Strategic Environmental Assessment (SEA) for the Small Landholdings and Land Use Tenancy Proposals Environmental Report

SEA is a systematic process for evaluating the environmental consequences of proposed plans, strategies, or programmes. This Report accompanies the Small Landholding and Land Use Tenancy proposals, within the Land Reform Bill.

1. Introduction


1.1 AECOM has been commissioned to undertake an independent Strategic Environmental Assessment (SEA) in support of the Small Landholdings and Land Use Tenancy proposals (“the proposals”) on behalf of The Scottish Government.

1.2 SEA is a systematic process for evaluating the environmental consequences of proposed plans, strategies, or programmes to ensure environmental issues are fully integrated and addressed at the earliest appropriate stage of decision making, with a view to promoting sustainable development.

1.3 This Environmental Report, which is the main output of the SEA process, accompanies the Small Landholdings and Land Use Tenancy proposals for consultation between September and October 2023.

Small Landholdings and Land Use Tenancy Proposals

1.4 The Scottish Government’s Vision for Agriculture, published in March 2022[3], outlines its long-term vision to transform how farming and food production can be supported in Scotland to become a global leader in sustainable and regenerative agriculture. As outlined in the Agricultural Reform Route Map[4], the Scottish Government is committed to ensuring that tenant farmers, smallholders, crofters, new entrants and land managers are given equality of opportunity to allow them to play a key role in making the Vision for Agriculture a reality.

Small Landholdings proposals

1.5 The Programme for Government 2021- 2022 made the commitment to “begin to modernise small landholding legislation”. The Bute House agreement made the commitment to “explore providing small landholders with the same pre-emptive right to buy as crofters and 1991 Act tenant farmers, and the treatment of the land under their houses.”

1.6 These commitments have been informed by an extensive evidence gathering exercise. This originates from Section 124 of the Land Reform (Scotland) Act 2016 which specified that Scottish Minsters must undertake a review of legislation governing small landholdings including conducting a consultation with key stakeholders. This consultation occurred between October and November 2016.

1.7 Subsequent to this, small landholding proposals were consulted upon in the Small Landholdings Modernisation Consultation between October 2022 and January 2023, which set out proposals relating to primary legislation for the proposed Land Reform Bill 2023. The intention is to introduce legislation which mirrors the diversification framework available to other tenants of agricultural land to address issues around the declining numbers of small landholdings, stakeholder demand for small landholdings to develop in viable businesses and the lack of certainty in the current legislation.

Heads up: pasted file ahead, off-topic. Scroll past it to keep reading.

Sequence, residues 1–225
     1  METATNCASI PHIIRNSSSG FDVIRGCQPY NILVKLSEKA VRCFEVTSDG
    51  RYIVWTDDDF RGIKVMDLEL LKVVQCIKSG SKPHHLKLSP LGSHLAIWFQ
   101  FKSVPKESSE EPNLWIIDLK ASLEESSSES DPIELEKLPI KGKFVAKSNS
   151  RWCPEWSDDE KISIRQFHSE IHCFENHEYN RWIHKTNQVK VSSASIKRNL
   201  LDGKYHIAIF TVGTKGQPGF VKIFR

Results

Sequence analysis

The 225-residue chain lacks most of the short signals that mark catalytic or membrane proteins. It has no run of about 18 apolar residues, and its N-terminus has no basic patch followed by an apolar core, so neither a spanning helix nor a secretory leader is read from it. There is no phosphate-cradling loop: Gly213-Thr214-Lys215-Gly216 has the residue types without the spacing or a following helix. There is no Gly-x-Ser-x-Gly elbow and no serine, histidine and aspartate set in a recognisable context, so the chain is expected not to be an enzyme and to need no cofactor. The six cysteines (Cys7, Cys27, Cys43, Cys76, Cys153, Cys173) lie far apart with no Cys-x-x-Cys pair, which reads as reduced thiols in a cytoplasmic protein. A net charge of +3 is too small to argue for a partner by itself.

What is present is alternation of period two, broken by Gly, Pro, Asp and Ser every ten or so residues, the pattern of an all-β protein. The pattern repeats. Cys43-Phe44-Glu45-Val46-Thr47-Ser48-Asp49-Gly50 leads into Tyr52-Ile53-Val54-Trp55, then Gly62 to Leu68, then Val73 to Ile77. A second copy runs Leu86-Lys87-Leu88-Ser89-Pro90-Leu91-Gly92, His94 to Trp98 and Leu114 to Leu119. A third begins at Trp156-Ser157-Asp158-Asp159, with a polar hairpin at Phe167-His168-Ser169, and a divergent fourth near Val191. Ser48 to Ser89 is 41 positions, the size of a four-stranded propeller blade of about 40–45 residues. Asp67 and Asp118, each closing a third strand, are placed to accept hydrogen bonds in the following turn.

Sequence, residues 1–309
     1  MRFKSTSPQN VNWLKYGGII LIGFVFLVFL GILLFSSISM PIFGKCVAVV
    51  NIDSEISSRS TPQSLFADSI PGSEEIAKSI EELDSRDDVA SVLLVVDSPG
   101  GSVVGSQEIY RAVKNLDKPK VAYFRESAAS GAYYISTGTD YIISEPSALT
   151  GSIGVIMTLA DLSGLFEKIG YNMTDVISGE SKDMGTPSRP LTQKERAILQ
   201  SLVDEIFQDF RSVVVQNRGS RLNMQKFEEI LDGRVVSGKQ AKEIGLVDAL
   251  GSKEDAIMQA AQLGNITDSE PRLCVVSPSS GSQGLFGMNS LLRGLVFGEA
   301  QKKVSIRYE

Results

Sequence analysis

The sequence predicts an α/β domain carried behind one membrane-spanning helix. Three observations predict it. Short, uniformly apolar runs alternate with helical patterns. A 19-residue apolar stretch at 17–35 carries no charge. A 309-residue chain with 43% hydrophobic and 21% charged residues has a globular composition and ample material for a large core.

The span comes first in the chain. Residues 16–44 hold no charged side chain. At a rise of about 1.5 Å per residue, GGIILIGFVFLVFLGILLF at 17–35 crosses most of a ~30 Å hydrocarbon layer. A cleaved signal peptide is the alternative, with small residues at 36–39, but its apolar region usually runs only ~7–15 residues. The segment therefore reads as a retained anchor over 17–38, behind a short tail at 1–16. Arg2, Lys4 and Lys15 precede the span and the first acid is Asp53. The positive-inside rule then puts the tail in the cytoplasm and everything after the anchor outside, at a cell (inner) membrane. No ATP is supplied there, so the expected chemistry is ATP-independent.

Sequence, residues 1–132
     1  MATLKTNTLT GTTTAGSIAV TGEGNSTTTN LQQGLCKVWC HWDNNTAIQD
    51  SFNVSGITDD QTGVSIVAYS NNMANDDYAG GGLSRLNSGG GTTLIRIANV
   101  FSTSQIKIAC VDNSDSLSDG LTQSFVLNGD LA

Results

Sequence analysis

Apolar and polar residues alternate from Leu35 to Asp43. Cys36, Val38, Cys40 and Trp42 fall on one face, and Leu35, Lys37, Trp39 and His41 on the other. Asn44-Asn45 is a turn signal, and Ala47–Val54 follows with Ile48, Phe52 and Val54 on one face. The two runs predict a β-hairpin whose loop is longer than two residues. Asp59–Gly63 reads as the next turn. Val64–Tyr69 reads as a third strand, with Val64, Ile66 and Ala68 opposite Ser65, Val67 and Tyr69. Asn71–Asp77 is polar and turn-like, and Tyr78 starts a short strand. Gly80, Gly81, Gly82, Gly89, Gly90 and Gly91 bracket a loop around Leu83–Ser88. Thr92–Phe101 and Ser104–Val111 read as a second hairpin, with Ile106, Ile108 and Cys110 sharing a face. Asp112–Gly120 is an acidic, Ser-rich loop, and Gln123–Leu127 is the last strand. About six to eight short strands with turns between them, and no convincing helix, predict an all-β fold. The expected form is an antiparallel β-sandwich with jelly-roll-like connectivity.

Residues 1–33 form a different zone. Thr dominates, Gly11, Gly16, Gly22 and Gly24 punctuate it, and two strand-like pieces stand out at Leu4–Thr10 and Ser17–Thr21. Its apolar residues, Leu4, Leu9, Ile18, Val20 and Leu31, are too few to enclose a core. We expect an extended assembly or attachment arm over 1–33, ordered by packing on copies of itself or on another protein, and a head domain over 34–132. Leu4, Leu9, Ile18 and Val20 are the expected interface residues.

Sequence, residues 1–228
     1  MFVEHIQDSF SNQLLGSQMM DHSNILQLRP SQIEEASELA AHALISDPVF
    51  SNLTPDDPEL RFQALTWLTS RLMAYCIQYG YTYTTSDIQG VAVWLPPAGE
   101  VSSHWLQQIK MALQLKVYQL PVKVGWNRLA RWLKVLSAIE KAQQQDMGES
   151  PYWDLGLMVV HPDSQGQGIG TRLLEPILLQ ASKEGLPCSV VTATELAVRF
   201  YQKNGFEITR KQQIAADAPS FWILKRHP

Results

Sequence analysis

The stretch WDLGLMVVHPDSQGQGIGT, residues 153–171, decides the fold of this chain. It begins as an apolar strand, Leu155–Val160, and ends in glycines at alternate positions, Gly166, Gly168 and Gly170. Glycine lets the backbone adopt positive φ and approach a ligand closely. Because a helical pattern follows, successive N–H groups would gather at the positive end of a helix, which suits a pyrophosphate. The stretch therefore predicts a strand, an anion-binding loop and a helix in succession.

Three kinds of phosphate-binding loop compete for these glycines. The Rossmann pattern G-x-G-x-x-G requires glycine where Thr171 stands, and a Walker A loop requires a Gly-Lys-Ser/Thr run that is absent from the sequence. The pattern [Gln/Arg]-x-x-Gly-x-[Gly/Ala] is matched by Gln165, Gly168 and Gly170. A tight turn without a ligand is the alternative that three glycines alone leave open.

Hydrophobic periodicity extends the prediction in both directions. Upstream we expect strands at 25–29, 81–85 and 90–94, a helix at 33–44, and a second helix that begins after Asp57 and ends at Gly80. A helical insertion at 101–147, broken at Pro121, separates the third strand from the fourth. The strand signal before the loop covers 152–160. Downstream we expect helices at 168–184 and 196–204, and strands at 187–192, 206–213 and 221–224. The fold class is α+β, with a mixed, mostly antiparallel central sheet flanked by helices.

1.8 This is in conjunction with the Programme for Government 2021-22’s commitment to “ensure tenant farmers and smallholders have the same access to climate change and mitigation measures” and the Bute House Agreement’s commitment to “continue to improve the rights of tenant farmers and small holders so they are not disadvantaged from actively participating in climate change mitigation and adaptation”.

Land Use Tenancy proposals

1.9 The aim of the Land Use Tenancy proposals are to provide a flexible form of land tenure tenancy which caters for integrated land management in a way that the current agricultural tenancies do not. It seeks to support a vibrant land tenure in Scotland, optimising Scotland’s land use. This is with a view to delivering a more hybrid land management approach in one tenancy which enables climate change issues and biodiversity loss to be addressed, whilst catering for a just transition.

1.10 The Land Use Tenancy was consulted on in the Land Reform in a Net Zero Nation consultation 2022 between July and October 2022.

1.11 Further information on the Small Landholdings and Land Use Tenancy proposals and component parts are set out in the consultation document with which this Environmental Report accompanies.[5]



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